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Bivouac Backcountry Series: Garibaldi Park, BC

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#16
byzantium

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I like this map very much. I would love to have this map in my collection.

If it is large and made out of plastic, I think CA$12 is not unreasonable.

However I was surprised to see upside down topo elevation labels. Is there some sort of convention about this that is different in Canada than the US? Or maybe that is normal and it's just the USGS that doesn't put topo elev's upside down.

Thanks for showing us your map!

bb

#17
BEAVER

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The web site shows $19

#18
byzantium

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Ouch. That seems to me to probably be the upper end of what people are willing to pay for a map.

I think the ideal solution for that kind of situation is to offer the map in both a less expensive paper version and the more expensive plastic version.

bb

#19
Clark Geomatics

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Ouch. That seems to me to probably be the upper end of what people are willing to pay for a map.

I think the ideal solution for that kind of situation is to offer the map in both a less expensive paper version and the more expensive plastic version.

bb


I understand where you are coming from - however, creating a set on paper and then a set on synthetics will only drive the price up because of the extra work at the press. Another issue to consider is that if you're on a backcountry trek in the winter, you'll appreciate a plastic map - especially out here on the west coast. Paper maps take a real beating.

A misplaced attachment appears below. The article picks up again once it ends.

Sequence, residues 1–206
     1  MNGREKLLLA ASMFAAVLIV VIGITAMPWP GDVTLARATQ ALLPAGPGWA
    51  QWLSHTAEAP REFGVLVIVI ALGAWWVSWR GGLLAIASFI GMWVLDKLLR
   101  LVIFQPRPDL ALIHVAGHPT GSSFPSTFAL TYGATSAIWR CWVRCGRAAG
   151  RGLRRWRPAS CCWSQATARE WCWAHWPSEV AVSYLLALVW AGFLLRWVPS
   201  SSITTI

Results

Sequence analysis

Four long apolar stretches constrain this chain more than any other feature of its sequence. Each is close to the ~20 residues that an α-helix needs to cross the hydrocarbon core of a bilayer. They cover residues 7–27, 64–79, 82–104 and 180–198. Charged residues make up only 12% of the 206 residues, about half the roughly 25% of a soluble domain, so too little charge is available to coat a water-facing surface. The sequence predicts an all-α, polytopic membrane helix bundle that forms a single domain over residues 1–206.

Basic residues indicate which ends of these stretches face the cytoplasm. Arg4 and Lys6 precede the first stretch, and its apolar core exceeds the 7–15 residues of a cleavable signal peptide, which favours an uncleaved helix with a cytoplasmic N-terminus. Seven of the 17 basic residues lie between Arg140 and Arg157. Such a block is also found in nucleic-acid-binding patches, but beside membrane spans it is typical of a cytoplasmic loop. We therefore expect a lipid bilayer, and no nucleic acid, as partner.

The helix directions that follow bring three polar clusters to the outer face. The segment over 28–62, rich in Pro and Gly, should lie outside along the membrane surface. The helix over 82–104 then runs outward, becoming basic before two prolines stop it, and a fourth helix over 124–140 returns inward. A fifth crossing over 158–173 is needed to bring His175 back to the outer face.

Beaver is right, the map is selling for $18.95CAD (about $16.50USD). Our standard Canadian government issue maps (1:50k NTS sheets) cost about $12 each (single sided, paper BTW) - so, in the end, that's $24 to get the coverage you need to get around the park. There is a choice.

I'm expecting the maps to arrive by the end of this week and I'll have PayPal set up on the website so you can order one - Your support is much appreciated.
Cheers,

Jeff Clark
Principal
www.clarkgeomatics.ca

#20
Clark Geomatics

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However I was surprised to see upside down topo elevation labels. Is there some sort of convention about this that is different in Canada than the US? Or maybe that is normal and it's just the USGS that doesn't put topo elev's upside down.

Thanks for showing us your map!

bb


The Canadian standard for labeling contours is to have the top of the text facing 'uphill' - no matter if the orientation on the map is inverted. The reasoning is that you can always tell which was in up in a convoluted mess of contours. It's quite intuitive actually.
Cheers,

Jeff Clark
Principal
www.clarkgeomatics.ca




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